As I started Software Gone Wild podcast in June 2014, I wanted to help networking engineers grow beyond the traditional networking technologies. It’s only fitting to conclude this project almost seven years and 116 episodes later with a similar theme Avi Freedman proposed when we started discussing podcast topics in late 2020: how do we make networking attractive to young engineers.

Elisa Jasinska and Roopa Prabhu joined Avi and me, and we had a lively discussion that I hope you’ll find interesting.

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Free Exercise: Build Network Automation Lab

A while ago, someone made a remark on my suggestions that networking engineers should focus on getting fluent with cloud networking and automation:

The running thing is, we can all learn this stuff, but not without having an opportunity.

I tend to forcefully disagree with that assertion. What opportunity do you need to test open-source tools or create a free cloud account? My response was thus correspondingly gruff:

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Planning the Extended Coffee Break: Three Months Later

It’s almost exactly three months since I announced ipSpace.net going on an extended coffee break. We had some ideas of what we plan to do at that time, but there were still many gray areas, and thanks to tons of discussions I had with many of my friends, subscribers, and readers, they mostly crystallized into this:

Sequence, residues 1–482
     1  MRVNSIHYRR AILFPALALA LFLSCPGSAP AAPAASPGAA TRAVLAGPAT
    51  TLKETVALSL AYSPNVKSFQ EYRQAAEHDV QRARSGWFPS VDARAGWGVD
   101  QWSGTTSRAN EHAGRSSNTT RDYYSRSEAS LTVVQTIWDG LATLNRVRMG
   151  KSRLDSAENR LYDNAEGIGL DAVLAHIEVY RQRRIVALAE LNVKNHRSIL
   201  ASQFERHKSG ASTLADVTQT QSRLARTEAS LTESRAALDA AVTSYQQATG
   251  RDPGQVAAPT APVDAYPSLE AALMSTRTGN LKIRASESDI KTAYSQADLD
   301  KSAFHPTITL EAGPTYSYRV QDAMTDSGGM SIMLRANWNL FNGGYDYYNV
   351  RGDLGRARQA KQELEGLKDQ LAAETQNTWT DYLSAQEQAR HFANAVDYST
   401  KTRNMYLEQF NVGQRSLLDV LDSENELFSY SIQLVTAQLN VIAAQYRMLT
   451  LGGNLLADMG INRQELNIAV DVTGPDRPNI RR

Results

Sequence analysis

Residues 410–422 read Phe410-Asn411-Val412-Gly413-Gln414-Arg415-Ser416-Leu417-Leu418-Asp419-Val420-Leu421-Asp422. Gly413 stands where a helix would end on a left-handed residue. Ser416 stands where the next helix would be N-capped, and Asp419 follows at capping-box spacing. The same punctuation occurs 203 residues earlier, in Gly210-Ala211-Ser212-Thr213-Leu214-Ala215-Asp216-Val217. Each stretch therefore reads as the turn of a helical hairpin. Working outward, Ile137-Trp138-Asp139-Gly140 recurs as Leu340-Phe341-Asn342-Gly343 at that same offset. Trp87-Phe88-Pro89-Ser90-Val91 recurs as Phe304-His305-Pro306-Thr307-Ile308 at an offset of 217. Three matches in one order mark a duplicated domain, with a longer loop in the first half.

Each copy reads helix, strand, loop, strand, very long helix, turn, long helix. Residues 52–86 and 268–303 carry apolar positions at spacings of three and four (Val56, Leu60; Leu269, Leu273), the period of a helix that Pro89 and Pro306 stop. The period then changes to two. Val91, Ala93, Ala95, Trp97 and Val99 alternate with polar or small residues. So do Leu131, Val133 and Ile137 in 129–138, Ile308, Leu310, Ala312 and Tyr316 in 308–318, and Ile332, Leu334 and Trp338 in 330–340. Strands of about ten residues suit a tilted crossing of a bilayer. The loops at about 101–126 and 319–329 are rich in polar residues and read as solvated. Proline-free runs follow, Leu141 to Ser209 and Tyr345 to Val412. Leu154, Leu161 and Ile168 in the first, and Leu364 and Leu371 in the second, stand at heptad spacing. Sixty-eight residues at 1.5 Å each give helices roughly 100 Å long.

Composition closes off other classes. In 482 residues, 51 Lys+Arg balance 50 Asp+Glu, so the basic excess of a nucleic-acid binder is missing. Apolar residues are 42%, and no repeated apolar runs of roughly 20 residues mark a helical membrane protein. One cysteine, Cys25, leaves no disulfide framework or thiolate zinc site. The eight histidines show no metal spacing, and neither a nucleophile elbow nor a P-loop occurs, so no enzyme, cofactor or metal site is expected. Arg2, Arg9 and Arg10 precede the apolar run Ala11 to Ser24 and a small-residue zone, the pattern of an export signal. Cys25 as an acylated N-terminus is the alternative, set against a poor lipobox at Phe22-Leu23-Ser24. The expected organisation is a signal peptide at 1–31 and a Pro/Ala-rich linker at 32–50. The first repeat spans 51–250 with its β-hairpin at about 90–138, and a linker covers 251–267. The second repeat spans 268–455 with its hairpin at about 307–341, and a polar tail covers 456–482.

You’re trusting me to deliver. We added a “you might want to read this first” warning to the checkout process, and there was no noticeable drop in revenue. Thanks a million for your vote of confidence!

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Thank You for All the Great Work Miha

Almost exactly a year ago Miha Markočič joined the ipSpace.net team. He was fresh out of university, fluent in Python, but with no networking or automation background… so I decided to try my traditional method of getting new team members up to speed: throw them into the deep water, observe how quickly they learn to swim, and give them a few tips if it seems like they might be drowning.

It worked out amazingly well. Miha quickly mastered the intricacies of AWS and Azure, and created full-stack automation solutions in Ansible, Terraform, CloudFormation and Azure Resource Manager to support the AWS and Azure webinars, and the public cloud networking online course.

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Webinars in 2021

After deciding to take a slightly longer coffee break I went through the list of outstanding projects trying to figure out which ones I could complete in first half of 2021, which ones I’ll get to “eventually” and what’s a lost cause.

This blog post is occasionally updated to track our progress (last update on June 26, 2021). Check the Revision History for details.

Guest Speakers

We squeezed as many guest speakers as we could into the first half of 2021. Here’s what we managed to do:

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Planning the Next Extended Coffee Break